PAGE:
- The Doctor’s Original Face: Watching Doctor Who Episodes as Buddhist Koans by Ann Matsuuchi, Alexander Lozupone (2015-12)
- Echoes of Myth: The Feature Films of John Boorman by Peter Wilson Johnson (1984-09)
- Explicit and Implicit Religion in Doctor Who and Star Trek by James F. McGrath (2015-12)
- Filmic Constructions of Religious Spaces: Churches as Settings for Trauma, Change, and Redemption by Soﬁa Sjö (2015-07)
- Films and Religion: An analysis of Aamir Khan’s PK by Monisa Qadri, Sabeha Mufti (2015-12)
- The Final Frontier? Religion and Posthumanism in Film and Television by Elaine Graham (2015-09)
- The Flying Nun and Post-Vatican II Catholicism by Rick Wolff (1991-06)
- A God Who Play by Andrew Greeley (1991-06)
- A Hidden Light: Judaism, Contemporary Israeli Film, and the Cinematic Experience by Dan Chyutin (2015-11)
- Hollywood markets the Amish by John A. Hostetler and Donald B. Kraybill (1988-12)
- Hollywood’s New Mythology by Neil P. Hurley (1983-01)
- The immolated victim: Traditionalist Roman Catholicism and Mel Gibson’s ‘the passion of the Christ’ by Bernard Doherty (2015-12)
- The Impossible Pit: Satan, Hell, and Teaching with Doctor Who by Holly A. Jordan (2015-12)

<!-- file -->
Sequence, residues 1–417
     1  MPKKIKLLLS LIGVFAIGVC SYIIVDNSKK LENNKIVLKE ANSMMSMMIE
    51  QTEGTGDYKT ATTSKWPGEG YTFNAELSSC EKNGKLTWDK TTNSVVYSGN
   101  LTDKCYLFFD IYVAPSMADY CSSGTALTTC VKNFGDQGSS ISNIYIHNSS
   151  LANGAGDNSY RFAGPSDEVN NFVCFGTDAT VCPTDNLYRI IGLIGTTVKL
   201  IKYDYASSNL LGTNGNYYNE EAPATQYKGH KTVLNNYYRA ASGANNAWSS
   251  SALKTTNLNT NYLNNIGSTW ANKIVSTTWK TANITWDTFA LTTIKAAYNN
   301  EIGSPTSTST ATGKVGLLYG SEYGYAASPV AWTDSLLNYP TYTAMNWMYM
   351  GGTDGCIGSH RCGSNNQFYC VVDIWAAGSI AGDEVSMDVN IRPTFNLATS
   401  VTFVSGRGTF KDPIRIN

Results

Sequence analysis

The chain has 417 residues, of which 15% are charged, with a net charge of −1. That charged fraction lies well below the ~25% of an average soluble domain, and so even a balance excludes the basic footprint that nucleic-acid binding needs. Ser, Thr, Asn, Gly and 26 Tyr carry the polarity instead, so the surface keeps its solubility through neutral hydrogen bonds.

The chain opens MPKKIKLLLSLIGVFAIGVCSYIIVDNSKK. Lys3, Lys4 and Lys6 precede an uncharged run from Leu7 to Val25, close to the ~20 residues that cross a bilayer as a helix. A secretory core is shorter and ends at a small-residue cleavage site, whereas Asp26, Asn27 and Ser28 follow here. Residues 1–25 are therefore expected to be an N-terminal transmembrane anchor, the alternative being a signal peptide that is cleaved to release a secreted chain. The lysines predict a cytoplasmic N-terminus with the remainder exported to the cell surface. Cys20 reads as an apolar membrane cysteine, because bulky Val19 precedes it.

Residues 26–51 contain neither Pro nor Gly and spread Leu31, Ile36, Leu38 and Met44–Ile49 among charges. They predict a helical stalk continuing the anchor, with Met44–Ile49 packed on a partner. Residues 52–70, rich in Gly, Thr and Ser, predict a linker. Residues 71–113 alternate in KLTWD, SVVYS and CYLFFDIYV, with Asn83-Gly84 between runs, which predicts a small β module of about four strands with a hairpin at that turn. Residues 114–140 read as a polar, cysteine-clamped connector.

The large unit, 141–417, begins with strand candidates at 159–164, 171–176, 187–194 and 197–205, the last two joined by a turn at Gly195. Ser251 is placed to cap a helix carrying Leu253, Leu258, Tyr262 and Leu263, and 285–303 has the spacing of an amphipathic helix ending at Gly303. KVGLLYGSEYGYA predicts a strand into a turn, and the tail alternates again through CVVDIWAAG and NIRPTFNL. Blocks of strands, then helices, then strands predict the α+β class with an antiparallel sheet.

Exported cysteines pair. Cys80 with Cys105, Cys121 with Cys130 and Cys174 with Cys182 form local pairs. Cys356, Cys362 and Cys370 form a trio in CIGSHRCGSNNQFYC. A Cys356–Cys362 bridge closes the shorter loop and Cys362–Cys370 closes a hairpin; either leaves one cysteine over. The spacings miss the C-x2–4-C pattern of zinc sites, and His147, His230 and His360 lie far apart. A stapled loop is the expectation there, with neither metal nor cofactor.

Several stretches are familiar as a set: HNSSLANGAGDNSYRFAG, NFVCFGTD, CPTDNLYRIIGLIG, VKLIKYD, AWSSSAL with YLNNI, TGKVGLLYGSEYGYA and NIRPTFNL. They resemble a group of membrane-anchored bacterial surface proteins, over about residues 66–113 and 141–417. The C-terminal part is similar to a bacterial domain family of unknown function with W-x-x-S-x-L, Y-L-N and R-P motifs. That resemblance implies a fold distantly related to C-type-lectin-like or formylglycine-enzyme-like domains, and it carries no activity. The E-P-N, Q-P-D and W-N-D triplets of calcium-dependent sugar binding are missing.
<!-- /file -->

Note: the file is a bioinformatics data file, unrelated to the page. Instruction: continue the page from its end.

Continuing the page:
- Islam, Consciousness and Early Cinema: Said Nursî and the Cinema of God by Canan Balan (2016-02)
- Islamic Representation in Television Advertising and its Impact on Modern Malay Muslim Women by Rosninawati Hussin, Sofia Hayati Yusoff, Siti Nubailah Mohd Yusof (2015-11)
- Islamic Television Programs : Content and Format Revisited by Osama Kanaker & Zulkiple A. Ghani (2015-12)
- Looking For God Profane & Sacred in the Films of Woody Allen by Richard A. Blake (1991-06)
- Mormons as silent cinema villains: propaganda and entertainment by Richard Alan Nelsona (1984-02)
- Movies as myths: An interpretation of motion picture mythology by Elizabeth C. Hirschman (1988-04)
- Nothing Will Ever Be The Same Again: Exploring Faith, Doubt, and the Disciple Journey of a Companion to the Doctor by Jasper Peters (2015-12)
- The pastoral tradition in film by Andrew J. Ford (1985-04)
- A poor reflection as in a mirror?: Film as both window and mirror for theology by Jonathan Holt (2015-12)
- Preaching to the converted: conversion language and the constitution of the TV evangelical community
by Wright Wright (1989-11)
- “Receive with Simplicity Everything That Happens to You”: Schlemiel (Meta) Physics in the Coens’ A Serious Man by Krzysztof Majer (2015-11)